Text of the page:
12/14 – VA Lakes – Thin variable snowpack, poor snowpack structure

12/14 –Mammoth Crest –Red Cone area –Shooting cracks, collapsing, propagating ECT

12/14 - Report of remotely triggered avalanche on a northerly facing slope in the Mammoth region ~10,000'.  Avalanche was triggered as a skier approached a wind loaded feature mid-slope, and released ~100ft above.  Crown was over 100ft wide and up to over a meter tall.  Fortunately the person was not caught.  Wind loaded snow from this past week's storms failed in weak sugary faceted snow from November.  

Weather and CURRENT CONDITIONS
weather summary

It will be a mostly cloudy day, with the heaviest snowfall accumulations on tap for this morning and chance of continued flurries through the afternoon. Moderate to Strong SW-Westerly winds will blow as this quick hitting storm passes over. Temperatures will be in the high teens to 20sF for the higher elevations and will hover just below freezing below 10000Feet. Snow is scheduled to taper off after today with a cold night in store with temperatures dropping into the single digits. Friday’s skies are slated to start out partly cloudy and become sunny with calmer conditions and a wind direction change to come from the N-NW as the system departs the area. Temperatures will warm a bit Friday with daytime hours hitting the high 30’sF below 10000ft and 23-29 for upper elevations.  Sunnier and drier conditions look to settle back into the area for this coming weekend.

Two-Day Mountain Weather Forecast Produced in partnership with the Reno NWS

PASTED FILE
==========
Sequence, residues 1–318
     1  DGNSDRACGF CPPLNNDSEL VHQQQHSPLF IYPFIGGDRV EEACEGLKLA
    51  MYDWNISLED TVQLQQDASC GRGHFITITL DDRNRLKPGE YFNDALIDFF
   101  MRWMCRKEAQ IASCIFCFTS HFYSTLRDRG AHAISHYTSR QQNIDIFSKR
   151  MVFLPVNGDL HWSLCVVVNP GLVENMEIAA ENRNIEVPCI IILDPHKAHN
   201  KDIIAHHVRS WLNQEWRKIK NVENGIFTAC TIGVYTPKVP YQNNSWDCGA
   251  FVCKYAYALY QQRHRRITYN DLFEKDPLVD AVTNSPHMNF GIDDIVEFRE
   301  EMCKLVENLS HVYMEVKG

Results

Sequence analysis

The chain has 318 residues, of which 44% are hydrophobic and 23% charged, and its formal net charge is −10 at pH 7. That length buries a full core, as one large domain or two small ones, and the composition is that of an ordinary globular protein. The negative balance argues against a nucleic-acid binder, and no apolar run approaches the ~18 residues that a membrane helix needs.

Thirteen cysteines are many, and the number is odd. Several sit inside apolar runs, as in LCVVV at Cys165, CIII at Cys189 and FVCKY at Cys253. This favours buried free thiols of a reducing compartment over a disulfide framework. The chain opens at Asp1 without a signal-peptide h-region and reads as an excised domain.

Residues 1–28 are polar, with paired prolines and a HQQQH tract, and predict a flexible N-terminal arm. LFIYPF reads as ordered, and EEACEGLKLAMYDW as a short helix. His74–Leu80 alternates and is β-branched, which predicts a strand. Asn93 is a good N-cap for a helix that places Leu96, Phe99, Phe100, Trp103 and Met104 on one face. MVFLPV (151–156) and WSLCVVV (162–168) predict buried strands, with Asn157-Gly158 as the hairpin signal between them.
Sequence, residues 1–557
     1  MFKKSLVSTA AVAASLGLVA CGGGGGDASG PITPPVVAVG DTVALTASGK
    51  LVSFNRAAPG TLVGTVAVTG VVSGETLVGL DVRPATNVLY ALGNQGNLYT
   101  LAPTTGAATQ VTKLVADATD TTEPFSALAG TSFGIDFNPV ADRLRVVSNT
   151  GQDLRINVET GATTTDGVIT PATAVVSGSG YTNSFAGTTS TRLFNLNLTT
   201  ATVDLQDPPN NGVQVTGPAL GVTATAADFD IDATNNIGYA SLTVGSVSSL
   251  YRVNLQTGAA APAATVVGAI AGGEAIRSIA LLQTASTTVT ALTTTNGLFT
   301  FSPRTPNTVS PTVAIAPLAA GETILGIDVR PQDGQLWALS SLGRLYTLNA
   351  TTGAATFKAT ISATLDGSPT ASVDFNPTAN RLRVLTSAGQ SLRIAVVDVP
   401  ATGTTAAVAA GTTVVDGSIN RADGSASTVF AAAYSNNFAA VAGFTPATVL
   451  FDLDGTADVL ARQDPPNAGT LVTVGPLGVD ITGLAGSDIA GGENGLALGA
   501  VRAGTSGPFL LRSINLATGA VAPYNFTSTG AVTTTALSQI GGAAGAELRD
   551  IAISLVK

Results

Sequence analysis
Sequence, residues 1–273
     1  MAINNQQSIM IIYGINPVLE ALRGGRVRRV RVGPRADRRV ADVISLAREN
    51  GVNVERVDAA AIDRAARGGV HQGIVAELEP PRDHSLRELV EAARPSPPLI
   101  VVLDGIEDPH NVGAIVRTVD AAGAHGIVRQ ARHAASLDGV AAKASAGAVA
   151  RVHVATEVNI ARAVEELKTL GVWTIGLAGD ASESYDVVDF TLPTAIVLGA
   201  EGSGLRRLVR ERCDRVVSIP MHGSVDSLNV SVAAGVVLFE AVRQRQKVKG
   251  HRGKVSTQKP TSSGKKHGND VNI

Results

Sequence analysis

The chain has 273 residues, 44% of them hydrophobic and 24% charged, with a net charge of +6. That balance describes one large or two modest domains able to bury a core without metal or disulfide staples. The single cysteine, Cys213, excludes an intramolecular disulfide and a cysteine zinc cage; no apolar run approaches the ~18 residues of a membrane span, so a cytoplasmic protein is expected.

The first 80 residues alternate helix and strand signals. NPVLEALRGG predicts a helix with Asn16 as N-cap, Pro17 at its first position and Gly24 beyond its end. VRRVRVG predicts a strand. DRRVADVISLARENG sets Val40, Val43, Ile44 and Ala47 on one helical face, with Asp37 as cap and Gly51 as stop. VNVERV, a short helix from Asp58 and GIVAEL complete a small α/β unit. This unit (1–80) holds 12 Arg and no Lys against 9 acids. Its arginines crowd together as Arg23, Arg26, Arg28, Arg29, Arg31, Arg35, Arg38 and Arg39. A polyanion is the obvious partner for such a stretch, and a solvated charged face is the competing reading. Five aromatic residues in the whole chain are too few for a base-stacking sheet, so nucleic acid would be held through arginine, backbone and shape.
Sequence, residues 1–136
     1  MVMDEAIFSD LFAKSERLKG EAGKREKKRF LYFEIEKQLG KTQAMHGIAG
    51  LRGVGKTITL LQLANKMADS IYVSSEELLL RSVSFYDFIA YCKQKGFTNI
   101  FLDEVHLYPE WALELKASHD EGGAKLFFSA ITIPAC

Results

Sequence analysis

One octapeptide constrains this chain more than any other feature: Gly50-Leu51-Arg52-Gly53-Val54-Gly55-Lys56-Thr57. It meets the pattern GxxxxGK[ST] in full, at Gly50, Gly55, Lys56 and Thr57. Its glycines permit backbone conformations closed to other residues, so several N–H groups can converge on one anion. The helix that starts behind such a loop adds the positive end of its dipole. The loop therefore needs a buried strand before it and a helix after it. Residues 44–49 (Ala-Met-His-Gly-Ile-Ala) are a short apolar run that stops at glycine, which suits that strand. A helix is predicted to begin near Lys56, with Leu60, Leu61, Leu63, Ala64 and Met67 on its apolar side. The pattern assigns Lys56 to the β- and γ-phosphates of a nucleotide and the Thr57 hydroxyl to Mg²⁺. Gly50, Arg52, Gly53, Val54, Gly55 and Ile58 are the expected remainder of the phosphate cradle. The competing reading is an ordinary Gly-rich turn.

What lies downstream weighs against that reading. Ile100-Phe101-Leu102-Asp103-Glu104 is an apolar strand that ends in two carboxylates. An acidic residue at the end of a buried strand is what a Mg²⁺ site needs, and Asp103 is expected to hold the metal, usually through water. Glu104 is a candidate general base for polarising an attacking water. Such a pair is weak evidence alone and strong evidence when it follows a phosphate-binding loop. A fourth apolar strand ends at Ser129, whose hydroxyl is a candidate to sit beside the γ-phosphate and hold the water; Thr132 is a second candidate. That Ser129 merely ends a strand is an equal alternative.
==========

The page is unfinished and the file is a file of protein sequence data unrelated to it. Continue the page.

For 8,000 ft. to 10,000 ft.
Thursday Thursday Night Friday
Weather: Mostly cloudy. Snow in the morning, then chance of snow in the afternoon. Snow levels below 7000 feet. Chance of precipitation is 90%. Mostly cloudy. Snow levels below 7000 feet. Chance of precipitation is 10%. Partly cloudy then becoming sunny. Snow levels below 7000 feet. Chance of precipitation is 0%.
Temperatures: 26 to 32. deg. F. 11 to 17. deg. F. 31 to 37. deg. F.
Mid Slope Winds: West 15 to 30 mph. Gusts up to 60 mph decreasing to 45 mph in the afternoon. North around 15 mph with gusts to 30 mph. Light winds.
Expected snowfall: 80% probability of 3 to 6 inches. 20% probability of 6 to 9 inches. | SWE = 0.20-0.45 inch. in. 0 in. 0 in.
Over 10,000 ft.
Thursday Thursday Night Friday
Weather: Mostly cloudy. Snow in the morning, then chance of snow in the afternoon. Snow levels below 7000 feet. Chance of precipitation is 95%. Mostly cloudy then becoming partly cloudy. Snow levels below 7000 feet. Chance of precipitation is 10%. Sunny. Snow levels below 7000 feet. Chance of precipitation is 5%.
Temperatures: 19 to 25. deg. F. 7 to 12. deg. F. 23 to 29. deg. F.
Ridge Top Winds: Southwest 35 to 50 mph becoming west 20 to 30 mph in the afternoon. Gusts up to 70 mph. North 15 to 25 mph with gusts to 35 mph. Northwest 15 to 25 mph with gusts to 35 mph.
Expected snowfall: 80% probability of 3 to 6 inches. 20% probability of 6 to 9 inches. | SWE = 0.30-0.55 inch. in. 0 in. 0 in.
Disclaimer
This Avalanche Advisory is designed to generally describe avalanche conditions where local variations always occur. This product only applies to backcountry areas located outside established ski area boundaries. The information in this Avalanche Advisory is provided by the Eastern Sierra Avalanche Center, who is solely responsible for its content.

ESAC receives significant financial support from ...